Havana’s waterfront is considered a key asset for future growth and therefore a key area of concern. The waterfront includes the famous Malecon Boulevard as well as the lesser-known inner-harbor districts on the east side of Old Havana. Along the shores of this bay, historic warehouses and small communities are mixed with decaying infrastructure, port facilities, heavy industry and shipyards. Many different city and state agencies are involved in planning for this vast area, yet no clear development directive has been defined and most players lack the authority to take that role. In response, some agencies have developed plans for individual properties, but implementation is unlikely because there is no funding in place and the oil refineries across the bay produce heavy fumes, which discourage some tourist-oriented activities.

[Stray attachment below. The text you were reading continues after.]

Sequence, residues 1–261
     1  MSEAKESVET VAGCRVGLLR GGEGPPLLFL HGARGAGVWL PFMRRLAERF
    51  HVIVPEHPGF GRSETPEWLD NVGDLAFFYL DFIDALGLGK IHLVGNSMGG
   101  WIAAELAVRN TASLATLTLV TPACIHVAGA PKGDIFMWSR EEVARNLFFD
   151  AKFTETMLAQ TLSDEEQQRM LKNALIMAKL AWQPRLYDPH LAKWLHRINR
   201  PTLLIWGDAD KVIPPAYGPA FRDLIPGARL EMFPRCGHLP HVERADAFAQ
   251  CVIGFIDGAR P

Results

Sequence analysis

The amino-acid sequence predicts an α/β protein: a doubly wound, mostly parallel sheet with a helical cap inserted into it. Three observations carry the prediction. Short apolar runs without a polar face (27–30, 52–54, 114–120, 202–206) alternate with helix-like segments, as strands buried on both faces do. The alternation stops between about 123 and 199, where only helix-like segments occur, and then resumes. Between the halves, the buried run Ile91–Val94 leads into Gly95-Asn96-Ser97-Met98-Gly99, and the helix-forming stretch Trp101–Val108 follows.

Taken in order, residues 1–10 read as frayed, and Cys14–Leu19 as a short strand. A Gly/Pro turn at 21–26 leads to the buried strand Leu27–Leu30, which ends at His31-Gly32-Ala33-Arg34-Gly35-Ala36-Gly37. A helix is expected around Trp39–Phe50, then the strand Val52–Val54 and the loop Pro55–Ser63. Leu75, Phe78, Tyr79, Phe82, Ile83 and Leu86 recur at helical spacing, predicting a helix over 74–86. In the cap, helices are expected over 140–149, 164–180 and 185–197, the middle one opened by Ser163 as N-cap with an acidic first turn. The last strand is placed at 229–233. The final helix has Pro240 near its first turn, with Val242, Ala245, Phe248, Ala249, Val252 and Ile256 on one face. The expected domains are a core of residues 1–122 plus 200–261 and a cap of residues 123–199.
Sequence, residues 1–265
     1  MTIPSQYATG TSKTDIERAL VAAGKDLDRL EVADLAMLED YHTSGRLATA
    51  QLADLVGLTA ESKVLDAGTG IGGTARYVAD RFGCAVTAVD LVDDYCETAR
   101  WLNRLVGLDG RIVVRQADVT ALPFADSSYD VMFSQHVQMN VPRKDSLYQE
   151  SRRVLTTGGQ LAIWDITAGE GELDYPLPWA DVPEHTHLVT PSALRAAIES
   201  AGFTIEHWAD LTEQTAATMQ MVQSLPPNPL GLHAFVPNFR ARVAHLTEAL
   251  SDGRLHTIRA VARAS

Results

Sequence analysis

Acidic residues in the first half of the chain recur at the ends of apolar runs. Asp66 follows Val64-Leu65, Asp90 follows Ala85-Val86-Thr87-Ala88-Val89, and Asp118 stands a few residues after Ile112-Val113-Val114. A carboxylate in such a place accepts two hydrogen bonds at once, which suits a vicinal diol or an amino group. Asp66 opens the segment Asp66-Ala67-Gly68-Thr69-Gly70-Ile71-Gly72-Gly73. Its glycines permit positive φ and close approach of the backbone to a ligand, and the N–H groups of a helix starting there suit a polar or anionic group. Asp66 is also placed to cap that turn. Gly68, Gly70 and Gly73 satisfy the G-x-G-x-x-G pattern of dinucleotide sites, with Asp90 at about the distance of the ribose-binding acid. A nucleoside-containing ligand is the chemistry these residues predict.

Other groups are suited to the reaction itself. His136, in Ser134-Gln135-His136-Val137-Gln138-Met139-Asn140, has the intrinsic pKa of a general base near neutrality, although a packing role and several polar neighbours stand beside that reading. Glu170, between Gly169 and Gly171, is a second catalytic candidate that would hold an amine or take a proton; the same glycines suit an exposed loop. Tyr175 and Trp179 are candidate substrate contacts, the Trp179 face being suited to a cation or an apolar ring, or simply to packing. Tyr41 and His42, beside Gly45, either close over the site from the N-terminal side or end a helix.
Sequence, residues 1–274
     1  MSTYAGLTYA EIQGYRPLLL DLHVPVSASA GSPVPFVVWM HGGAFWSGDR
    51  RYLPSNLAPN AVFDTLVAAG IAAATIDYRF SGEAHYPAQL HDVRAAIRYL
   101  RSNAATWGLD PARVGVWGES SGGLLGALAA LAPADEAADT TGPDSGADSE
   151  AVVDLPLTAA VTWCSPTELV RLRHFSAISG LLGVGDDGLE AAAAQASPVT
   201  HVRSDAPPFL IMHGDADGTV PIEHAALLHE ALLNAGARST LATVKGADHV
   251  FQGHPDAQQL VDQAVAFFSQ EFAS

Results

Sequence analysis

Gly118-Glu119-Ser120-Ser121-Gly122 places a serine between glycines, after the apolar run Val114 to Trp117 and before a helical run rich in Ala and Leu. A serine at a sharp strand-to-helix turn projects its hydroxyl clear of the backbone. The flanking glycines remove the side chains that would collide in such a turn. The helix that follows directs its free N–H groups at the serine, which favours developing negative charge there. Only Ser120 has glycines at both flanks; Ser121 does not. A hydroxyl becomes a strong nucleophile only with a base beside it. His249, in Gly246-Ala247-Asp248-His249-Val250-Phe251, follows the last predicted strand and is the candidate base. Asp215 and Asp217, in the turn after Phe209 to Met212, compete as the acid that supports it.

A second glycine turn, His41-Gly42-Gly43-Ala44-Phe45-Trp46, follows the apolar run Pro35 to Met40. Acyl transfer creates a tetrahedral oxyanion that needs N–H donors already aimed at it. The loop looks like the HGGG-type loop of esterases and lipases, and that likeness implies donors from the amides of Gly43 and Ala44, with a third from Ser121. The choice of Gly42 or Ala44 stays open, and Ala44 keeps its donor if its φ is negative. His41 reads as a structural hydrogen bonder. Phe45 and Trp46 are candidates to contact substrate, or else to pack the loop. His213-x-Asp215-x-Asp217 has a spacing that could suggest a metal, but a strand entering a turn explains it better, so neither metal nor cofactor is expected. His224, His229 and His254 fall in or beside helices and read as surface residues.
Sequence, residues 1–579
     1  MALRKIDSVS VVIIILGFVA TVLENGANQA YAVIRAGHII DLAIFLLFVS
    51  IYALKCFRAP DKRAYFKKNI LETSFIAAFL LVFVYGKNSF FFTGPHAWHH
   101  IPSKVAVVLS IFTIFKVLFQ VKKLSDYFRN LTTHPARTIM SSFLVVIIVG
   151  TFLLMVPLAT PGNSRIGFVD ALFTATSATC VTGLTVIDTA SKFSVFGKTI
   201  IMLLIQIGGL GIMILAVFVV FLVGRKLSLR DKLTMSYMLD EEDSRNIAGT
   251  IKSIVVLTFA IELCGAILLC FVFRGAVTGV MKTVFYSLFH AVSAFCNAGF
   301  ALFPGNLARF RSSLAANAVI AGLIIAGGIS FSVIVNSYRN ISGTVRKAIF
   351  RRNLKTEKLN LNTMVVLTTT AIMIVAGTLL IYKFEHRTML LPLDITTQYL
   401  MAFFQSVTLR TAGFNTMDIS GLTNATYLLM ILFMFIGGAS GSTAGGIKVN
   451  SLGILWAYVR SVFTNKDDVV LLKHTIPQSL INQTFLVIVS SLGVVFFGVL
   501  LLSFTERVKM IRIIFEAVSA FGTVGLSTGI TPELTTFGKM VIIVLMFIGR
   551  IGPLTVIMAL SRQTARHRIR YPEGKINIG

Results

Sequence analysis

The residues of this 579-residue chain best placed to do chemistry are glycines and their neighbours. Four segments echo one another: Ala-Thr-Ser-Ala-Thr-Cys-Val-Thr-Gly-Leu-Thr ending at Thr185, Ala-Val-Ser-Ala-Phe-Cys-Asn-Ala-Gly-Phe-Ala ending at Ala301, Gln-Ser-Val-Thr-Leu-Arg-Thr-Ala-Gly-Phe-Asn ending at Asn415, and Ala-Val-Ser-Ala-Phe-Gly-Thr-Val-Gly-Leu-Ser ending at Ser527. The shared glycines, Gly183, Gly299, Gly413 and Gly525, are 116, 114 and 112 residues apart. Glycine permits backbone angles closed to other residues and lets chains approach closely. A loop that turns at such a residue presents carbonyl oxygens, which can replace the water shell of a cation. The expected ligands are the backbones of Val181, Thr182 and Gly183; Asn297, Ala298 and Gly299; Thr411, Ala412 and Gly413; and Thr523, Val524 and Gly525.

Since land in Havana is publicly owned, capturing the increase of land values could create a strategic and sustainable source for financing much-needed public investments in affordable housing, public space and infrastructure. The local government can lead the redevelopment process; however, support and collaboration with regional and national public partners will be important for larger investments. Flexibility in program and a focus on process instead of blueprint planning is essential to accommodate changing market conditions and emerging opportunities. The latter is especially evident as development depends significantly on private investments.